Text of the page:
In Scotland, police responded to reports of a tiger in a cow barn. The property owner took a break from a party he was hosting to check on his cows at night and was shocked to see a tiger stretched out on the floor of the barn, looking quite comfortable. Authorities treated the situation quite seriously, as Scottish countryside is lousy with tigers.

A photograph of the beast was sent to police headquarters and confirmed as legit. Police officers on the scene stayed back from the barn and tried negotiating with the tiger, which refused to come out. After 45 minutes some brave officers got close enough to find that it was just a stuffed toy tiger.

No one knows how the stuffed tiger got into the barn, but it seems obvious that the animals are just testing our response times.

Foolish scientists teach orca to speak English

Researchers spend countless hours every year observing animals to try to understand how they communicate. And aside from a few bird owners, no one has bothered trying to teach animals how to talk like us. Until now.

Wikie the orca has learned how to imitate certain sounds, including the word “Hello.” Researchers say they taught the beast how to say a few different words to demonstrate the species’ mimicking abilities. Of course, they forgot that they were teaching English to freaking killer whales. Once they know what we’re saying, there’s no doubt they will use it against us. The only consolation we have is that Wikie lives in an aquarium in France, where her skills won’t be of much use.

The up side is that Wikie was also taught how to mimic fart noises incredibly well.

Donkey takes goats, sheep on the lamb in L.A.

Los Angeles has had a rough go of it lately. It’s had a drought, wild fires, mudslides and NCIS: Los Angeles. But things somehow got even worse for Angelenos when a pack of animals ran loose on the streets.

Authorities say a donkey led a herd of goats and sheep through the streets of an L.A. suburb late last week. The beasts refused to comply with lawful orders of police officers to go home. They even managed to evade the cops attempting to arrest them. Considering how friendly L.A. cops can be when arresting you, this shows quite a bit of defiance.

Eventually, police tracked down the owner of the animals, which it was found had escaped through an open gate. The owner helped herd the animals, which for some reason were not charged with a single crime.

Sea lions have terrible taste in music

The Bible tells us that animals have no souls, despite every pet owner in the world trying to humanize their pets with captions on Facebook. We just got further confirmation that they have no souls, and by “they,” we mean sea lions.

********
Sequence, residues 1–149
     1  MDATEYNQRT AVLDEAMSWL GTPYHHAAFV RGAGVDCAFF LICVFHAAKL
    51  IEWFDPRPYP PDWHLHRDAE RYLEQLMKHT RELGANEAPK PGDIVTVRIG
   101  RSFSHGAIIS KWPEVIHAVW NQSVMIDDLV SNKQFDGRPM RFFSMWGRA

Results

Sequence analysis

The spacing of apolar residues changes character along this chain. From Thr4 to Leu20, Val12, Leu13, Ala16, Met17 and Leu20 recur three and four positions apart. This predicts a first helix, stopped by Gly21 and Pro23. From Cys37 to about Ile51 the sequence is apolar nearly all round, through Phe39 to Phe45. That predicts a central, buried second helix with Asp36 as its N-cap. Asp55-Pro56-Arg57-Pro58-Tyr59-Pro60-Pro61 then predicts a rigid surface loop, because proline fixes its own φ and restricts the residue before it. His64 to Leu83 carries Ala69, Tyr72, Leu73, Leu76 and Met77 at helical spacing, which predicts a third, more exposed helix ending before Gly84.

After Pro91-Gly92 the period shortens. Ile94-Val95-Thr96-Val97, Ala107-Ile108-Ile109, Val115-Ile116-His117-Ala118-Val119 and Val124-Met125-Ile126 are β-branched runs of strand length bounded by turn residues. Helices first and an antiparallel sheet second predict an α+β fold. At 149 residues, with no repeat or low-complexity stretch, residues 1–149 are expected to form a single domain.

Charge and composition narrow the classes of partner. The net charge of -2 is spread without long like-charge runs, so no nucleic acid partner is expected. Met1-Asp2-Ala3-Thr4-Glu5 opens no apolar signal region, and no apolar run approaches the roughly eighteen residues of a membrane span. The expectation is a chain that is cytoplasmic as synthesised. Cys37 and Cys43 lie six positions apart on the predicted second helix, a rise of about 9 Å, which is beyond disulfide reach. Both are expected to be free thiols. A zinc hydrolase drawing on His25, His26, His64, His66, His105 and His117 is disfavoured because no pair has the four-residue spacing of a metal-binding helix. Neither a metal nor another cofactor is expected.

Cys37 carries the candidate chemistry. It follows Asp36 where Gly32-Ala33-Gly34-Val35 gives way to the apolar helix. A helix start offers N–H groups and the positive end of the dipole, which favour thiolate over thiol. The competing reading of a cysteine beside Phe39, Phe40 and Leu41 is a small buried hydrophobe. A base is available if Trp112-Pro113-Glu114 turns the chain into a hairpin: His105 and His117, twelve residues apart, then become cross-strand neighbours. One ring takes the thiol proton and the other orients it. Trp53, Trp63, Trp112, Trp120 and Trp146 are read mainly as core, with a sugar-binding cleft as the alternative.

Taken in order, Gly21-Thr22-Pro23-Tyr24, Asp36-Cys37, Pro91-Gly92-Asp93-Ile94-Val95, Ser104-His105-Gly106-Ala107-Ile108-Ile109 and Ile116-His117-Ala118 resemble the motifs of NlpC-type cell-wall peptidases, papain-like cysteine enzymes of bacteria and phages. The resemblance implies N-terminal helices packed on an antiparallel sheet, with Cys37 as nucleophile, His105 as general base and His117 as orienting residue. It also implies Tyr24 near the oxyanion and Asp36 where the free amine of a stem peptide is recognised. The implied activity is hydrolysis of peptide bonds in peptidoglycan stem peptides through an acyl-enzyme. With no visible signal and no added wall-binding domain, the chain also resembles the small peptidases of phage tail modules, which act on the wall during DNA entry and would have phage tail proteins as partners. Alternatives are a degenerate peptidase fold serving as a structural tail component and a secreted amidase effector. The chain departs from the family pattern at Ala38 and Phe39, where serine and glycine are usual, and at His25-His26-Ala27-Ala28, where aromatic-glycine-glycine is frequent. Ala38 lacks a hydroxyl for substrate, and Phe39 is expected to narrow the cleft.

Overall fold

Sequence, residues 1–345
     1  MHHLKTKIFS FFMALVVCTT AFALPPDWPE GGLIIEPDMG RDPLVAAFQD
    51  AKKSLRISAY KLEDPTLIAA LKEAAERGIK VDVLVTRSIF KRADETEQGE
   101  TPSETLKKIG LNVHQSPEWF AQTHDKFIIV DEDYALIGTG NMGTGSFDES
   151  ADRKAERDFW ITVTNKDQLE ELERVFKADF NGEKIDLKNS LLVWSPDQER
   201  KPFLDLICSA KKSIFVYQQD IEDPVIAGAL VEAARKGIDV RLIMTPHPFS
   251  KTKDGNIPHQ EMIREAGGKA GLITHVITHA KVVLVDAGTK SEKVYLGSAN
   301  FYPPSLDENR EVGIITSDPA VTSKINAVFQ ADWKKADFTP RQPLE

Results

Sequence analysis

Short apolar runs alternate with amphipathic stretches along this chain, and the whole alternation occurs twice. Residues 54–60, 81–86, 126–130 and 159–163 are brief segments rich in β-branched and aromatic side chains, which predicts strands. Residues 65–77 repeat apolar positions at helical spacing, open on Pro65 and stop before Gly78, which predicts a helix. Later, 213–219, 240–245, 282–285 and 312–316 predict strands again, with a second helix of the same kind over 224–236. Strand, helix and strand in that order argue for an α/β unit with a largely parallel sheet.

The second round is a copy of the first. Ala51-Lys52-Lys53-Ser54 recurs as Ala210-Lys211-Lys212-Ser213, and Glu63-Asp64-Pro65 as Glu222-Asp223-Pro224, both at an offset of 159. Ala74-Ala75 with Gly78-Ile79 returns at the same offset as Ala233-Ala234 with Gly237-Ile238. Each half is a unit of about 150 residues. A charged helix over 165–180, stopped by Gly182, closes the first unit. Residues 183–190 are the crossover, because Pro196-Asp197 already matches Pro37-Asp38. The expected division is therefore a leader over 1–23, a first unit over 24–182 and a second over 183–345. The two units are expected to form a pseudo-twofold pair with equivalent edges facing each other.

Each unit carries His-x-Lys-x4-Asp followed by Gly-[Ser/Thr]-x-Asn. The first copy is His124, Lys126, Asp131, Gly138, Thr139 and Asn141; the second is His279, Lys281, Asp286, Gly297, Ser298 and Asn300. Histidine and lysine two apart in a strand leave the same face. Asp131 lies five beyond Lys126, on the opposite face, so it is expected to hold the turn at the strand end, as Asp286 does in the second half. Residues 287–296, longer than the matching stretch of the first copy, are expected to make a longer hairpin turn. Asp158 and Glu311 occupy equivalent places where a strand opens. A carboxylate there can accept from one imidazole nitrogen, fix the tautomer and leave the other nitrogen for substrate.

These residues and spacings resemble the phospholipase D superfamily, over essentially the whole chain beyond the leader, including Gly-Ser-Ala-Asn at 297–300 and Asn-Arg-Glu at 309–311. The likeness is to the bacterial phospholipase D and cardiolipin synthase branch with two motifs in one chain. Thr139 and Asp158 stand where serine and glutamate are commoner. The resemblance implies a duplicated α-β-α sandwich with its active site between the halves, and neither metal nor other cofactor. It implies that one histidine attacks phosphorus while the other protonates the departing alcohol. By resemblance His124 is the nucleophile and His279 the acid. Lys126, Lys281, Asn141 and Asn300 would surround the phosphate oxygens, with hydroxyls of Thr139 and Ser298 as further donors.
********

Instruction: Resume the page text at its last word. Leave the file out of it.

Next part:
Researchers at the University of California-Santa Cruz have been conducting tests on their prisoners, conducting psychological warfare by playing terrible music. What they found is nothing short of shocking. Sea lions are able to bob their heads to the beat of a song they have heard before.

Further, when they hear a new song, a Backstreet Boys song, they are able to bob their heads to that as well. Which means that sea lions like the Backstreet Boys. Not even our interrogation tactics work against them!

Animals take a back seat in Illinois

Illinois has a lot of problems these days. For one thing, it’s got Chicago, with one of the highest murder rates in the country, not counting the slow murders brought on by deep-dish-pizza purveyors. But luckily, state legislators are ready to address one of the biggest issues facing the state: animals in cars.

A bill in the Illinois legislature would make it illegal for people to drive with their dogs on their laps. Not only is this a clear sign that the state is littered with those people, it’s a sign that the state lawmakers are ready to recognize the threat pets pose in the car.

We all know that dogs pretend to be our friends, acting stupid, all the while observing us and taking notes to take back to their leaders. This includes how to drive. Once the animals figure out how these machines work, they will be able to avoid the cars more effectively, cause them to crash more easily, and, dare we say it, learn to operate the motor vehicles themselves.